Prior to the impanelment of the jury, plaintiff bank moved for segregation of what it termed the legal and equitable issues. It requested that the court try without a jury the first, sixth, seventh and ninth affirmative defenses on the theory that these constituted equitable defenses on which defendants were not entitled to trial by jury. This motion was granted, the court directing that these defenses were to be tried by the court subsequent to the trial of the legal issues by the jury. After four days of trial, the jury was excused. Trial was then resumed before the court only on the four remaining defenses, two of which were grounded on fraud in the inducement or procurement of the note. At the conclusion of this phase of the trial, plaintiff moved for a directed verdict. The court granted said motion, recalled the jury and directed the return of a verdict for plaintiff. The court then signed and filed its findings and rendered judgment for plaintiff. 1 This appeal followed.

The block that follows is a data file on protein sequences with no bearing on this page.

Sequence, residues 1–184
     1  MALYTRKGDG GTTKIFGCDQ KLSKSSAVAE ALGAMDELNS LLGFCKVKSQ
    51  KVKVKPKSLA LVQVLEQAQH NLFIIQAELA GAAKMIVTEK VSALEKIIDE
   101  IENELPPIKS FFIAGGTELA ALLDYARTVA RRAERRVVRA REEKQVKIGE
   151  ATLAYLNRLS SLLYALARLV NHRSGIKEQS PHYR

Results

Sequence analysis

The main controversy involved in this appeal hinges on defendants' assertion that they were wrongfully deprived of their right to a jury trial on the issues raised in their first, sixth, seventh and ninth affirmative defenses. The right to a trial by jury is provided by Article I, section 7, of the Constitution of California. This section has been judicially construed as guaranteeing the right to a trial by jury in actions at law of issues which were triable by jury at common law in 1850. People v. One 1941 Chevrolet Coupe, 37 Cal.2d 283, 286-287, 231 P.2d 832.